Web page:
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  19. This guy is a putz, but people biting material has always been an issue for creators and the Internet just makes it worse. The upside is that this same biter-harboring web provides exposure for those with actual talent.

    Good, bad, facts of life etc.

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  20. This post started as an intelligent, well written criticism. It began to get slightly rude and unnecessarily mean, and finally ended with an absurd "scum-sucking piece of shit who should die of a lingering disease."

    Seriously?

    Let's assume that everything you said is 100% true. So then Sammy Rhodes deserves to die of a lingering disease? If he posted a video of himself dying, taking his last breath as he mutters, "yes I stole some tweets," this is the only way you'd be satisfied? And then and only then Twitter is even with him? Unbelievable.

    I understood your point in the beginning, but as I continued to read, it became increasingly difficult to take you seriously. And some of these comments are awful as well. Maybe it's due to the limitations of the internet. If you were speaking to someone in person, would you say this?

    So because we're not in person, the only way to express your anger and criticism is through taking it to the absolute extreme?

    "Sammy Rhodes, @Prodigalsam, is a scum-sucking piece of shit who should die of a lingering disease."

    Surely, you're a more creative writer than this.

    ReplyDelete
    Replies
    1. I take it you've never seen hyperbole applied for comedic effect before.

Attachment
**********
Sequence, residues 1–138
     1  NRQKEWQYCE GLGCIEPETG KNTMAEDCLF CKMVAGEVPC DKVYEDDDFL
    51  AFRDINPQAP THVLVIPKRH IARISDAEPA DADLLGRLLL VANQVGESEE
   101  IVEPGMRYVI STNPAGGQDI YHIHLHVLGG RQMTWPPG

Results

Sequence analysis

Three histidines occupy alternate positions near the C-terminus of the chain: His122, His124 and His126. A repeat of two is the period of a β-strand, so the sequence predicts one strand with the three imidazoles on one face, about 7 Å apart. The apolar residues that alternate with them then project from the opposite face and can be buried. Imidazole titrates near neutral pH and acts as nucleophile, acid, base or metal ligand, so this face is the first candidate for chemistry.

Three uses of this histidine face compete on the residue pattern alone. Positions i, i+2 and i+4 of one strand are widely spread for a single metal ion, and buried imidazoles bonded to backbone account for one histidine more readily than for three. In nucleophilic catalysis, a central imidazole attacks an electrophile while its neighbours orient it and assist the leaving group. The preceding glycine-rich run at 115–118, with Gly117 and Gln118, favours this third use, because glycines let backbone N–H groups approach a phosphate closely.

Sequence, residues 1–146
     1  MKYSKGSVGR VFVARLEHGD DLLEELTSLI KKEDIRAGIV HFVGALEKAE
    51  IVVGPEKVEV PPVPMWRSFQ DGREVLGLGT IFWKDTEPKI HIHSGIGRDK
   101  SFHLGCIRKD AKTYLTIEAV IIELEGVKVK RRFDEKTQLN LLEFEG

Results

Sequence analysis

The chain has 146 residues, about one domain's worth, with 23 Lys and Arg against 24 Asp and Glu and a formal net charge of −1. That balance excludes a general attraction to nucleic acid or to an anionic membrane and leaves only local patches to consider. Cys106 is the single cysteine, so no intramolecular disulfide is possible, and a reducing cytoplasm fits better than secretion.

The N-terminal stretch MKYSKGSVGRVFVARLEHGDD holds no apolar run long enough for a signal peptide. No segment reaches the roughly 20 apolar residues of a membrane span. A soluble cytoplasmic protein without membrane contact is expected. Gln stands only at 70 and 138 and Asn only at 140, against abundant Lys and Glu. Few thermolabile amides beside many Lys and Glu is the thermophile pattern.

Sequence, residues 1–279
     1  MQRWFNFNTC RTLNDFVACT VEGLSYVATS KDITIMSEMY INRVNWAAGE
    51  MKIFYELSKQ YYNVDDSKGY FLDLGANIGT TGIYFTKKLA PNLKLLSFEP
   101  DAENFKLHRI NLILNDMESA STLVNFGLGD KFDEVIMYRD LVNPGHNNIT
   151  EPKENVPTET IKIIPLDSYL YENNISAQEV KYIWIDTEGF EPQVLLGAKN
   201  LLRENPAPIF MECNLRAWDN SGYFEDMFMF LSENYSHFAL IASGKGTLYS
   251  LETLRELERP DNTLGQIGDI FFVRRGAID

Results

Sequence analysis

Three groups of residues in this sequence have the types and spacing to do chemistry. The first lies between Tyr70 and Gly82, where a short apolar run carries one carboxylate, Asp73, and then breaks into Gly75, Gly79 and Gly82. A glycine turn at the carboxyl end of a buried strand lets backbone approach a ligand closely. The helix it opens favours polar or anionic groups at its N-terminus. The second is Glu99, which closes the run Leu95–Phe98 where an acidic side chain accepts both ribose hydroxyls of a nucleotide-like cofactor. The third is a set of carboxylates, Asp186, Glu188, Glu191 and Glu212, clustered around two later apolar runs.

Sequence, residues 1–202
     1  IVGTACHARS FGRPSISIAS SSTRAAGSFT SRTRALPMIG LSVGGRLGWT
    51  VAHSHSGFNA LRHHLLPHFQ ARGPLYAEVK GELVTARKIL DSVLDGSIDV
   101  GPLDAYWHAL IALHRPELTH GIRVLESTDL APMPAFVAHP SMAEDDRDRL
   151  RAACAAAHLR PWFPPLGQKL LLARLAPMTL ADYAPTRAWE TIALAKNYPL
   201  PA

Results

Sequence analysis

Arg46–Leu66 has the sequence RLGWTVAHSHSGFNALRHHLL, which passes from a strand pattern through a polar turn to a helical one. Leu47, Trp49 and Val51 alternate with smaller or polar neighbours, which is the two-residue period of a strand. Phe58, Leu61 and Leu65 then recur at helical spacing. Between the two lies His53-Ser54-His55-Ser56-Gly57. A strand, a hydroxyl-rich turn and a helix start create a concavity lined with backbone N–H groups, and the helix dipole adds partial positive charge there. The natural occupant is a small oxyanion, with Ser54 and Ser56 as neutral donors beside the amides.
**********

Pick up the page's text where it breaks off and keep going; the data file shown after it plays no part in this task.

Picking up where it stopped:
Delete
  21. So, did anyone ever actually see this video or picture of his special needs child? Like you said, not that it has anything to do with his plagiarism, but if he seriously fabricated a "small s special needs child" (whatever the fuck that means) out of thin air to garner pity about his IP theft, that would be all the more hilarious and pitiful.

    ReplyDelete
    Replies
    1. He stole the idea from Sarah Palin.

      Delete
    2. He posted the video to his facebook page.

      So yes. He does have a special needs child.

      Delete
  22. Jeb. You sound like a psychotic loser. Get help. The professional kind. Best of luck with your future career on the internet in your parent's basement.

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  23. Apparently the common theme uniting commenters named Anonymous is jealousy.

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  24. I actually know Sammy. And this article or blog post or whatever you want to call it is simply misleading.